The first contrast is between perishable and imperishable. Our present bodies are perishable. The germs of disease and death are in them. It is not a question of if we will die but when we will die. Our resurrection bodies are imperishable. This is a body free from germs, viruses, diseases, pain, suffering, and death. This is a body that needs no needles, no pills, no medication, no vaccines, no surgery.

The second contrast is between dishonor and glory. We try to honor the dead at the time of burial by dressing them in their Sunday best, providing an attractive casket, and surrounding the casket with flowers. In spite of this, though, burial involves great dishonor for what could be more dishonorable for a body than to be lowered into a grave? Something that was created by God to walk and live and rejoice upon the earth is instead lowered into the earth and becomes one with it. Our resurrection body, by contrast, shall be raised in glory. It will greet the glory of the Son of Man and even share in it.

The third contrast is between weakness and power. After a day's work our present body becomes tired and needs to rest. Not even young basketball or football players can go all out for an entire afternoon. As we become older we discover that the body tires out more quickly. And, as death approaches, the body becomes totally helpless. The resurrection body, by contrast, will be raised in power. Exactly how that power reveals itself, we just don't know.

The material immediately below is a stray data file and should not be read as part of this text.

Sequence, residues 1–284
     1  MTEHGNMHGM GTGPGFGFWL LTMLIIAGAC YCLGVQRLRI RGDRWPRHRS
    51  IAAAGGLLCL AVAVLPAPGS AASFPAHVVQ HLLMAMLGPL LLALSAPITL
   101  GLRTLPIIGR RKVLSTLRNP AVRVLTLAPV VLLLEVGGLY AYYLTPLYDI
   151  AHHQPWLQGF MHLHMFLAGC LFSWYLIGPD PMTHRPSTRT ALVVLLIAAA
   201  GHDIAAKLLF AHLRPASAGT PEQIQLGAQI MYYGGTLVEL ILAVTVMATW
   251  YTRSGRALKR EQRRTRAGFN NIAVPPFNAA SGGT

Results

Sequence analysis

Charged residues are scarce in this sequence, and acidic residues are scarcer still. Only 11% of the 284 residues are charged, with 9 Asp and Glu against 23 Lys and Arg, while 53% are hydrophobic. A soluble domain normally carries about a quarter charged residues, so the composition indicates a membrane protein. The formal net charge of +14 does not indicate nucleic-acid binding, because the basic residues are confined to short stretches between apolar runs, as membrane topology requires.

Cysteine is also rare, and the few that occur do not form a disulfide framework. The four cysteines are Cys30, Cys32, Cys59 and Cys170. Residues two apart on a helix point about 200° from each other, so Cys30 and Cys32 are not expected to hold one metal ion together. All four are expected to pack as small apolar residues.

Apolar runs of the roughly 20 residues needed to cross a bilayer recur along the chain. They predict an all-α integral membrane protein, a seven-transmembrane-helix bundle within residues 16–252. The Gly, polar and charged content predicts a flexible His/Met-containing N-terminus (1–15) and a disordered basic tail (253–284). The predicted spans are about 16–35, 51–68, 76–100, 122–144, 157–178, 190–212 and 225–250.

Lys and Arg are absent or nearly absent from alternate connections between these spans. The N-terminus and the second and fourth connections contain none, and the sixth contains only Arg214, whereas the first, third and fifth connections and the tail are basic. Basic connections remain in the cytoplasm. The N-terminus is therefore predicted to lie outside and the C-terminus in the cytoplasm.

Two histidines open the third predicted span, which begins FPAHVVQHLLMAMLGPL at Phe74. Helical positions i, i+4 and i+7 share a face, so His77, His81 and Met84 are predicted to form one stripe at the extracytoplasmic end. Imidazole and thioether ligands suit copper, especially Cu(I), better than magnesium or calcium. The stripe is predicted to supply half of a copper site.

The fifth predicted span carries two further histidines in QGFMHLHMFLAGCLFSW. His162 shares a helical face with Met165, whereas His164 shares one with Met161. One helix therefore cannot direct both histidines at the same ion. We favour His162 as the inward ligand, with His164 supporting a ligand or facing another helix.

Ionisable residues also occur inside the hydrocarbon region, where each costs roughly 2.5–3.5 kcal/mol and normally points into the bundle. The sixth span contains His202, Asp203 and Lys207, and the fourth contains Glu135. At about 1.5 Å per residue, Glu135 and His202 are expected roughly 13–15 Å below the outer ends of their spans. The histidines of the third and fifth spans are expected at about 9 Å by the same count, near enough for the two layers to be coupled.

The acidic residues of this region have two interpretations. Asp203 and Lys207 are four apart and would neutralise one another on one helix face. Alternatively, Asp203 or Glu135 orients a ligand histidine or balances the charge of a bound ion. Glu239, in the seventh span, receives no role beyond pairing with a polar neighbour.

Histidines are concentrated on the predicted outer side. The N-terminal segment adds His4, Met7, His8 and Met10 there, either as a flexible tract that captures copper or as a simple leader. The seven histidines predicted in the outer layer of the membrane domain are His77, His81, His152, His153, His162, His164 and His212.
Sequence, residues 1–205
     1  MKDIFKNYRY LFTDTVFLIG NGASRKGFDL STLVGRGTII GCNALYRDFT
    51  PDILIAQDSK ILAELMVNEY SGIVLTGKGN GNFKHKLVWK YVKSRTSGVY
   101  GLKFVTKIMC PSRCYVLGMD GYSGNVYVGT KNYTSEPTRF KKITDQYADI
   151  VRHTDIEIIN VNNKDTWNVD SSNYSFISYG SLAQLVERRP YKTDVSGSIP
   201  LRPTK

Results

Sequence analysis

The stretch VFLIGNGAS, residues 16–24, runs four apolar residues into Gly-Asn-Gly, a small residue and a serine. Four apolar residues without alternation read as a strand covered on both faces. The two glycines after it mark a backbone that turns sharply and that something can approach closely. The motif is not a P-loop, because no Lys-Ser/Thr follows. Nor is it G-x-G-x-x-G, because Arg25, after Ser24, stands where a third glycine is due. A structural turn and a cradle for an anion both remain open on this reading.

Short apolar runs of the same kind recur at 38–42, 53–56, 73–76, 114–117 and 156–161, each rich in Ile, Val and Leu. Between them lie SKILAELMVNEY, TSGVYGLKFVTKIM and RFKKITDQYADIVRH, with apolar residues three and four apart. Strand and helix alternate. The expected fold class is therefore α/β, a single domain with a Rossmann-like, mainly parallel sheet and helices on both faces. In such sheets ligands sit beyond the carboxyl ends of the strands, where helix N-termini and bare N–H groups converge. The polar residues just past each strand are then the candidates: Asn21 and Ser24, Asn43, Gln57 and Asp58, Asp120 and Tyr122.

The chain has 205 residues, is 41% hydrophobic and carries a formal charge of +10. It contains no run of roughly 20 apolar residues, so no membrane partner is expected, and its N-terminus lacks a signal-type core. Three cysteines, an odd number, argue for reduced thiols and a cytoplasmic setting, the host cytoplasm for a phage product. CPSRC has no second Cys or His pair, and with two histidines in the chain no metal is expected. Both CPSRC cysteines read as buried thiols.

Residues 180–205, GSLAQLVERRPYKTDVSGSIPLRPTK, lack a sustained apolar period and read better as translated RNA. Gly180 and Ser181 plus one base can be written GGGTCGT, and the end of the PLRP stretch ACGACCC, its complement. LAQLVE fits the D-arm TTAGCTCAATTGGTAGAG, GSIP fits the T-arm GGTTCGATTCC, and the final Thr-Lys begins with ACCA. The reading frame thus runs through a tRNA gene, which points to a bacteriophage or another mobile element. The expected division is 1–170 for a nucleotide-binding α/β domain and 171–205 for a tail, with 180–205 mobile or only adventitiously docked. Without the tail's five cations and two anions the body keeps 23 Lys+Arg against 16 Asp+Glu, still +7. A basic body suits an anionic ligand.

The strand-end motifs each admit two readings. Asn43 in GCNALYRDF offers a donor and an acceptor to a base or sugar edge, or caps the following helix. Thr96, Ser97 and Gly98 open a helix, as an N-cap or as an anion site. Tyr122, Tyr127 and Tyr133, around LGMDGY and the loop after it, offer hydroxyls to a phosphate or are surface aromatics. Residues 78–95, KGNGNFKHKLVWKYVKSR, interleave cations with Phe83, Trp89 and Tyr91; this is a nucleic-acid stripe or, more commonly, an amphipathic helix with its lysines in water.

The fourth and final contrast is between a physical body and a spiritual body. The contrast here is not between material and non-material. Rather, the contrast here has to do with the control of the Spirit. Our present body is too often controlled by the impulses of sin and evil and base desire. The resurrection body, by contrast, will be controlled by the impulses of the Spirit.

A final difference between our present body and our resurrection body is mentioned by Paul in an earlier chapter:
1 Corinthians 6:13 (NIV84) — 13 “Food for the stomach and the stomach for food”—but God will destroy them both. The body is not meant for sexual immorality, but for the Lord, and the Lord for the body.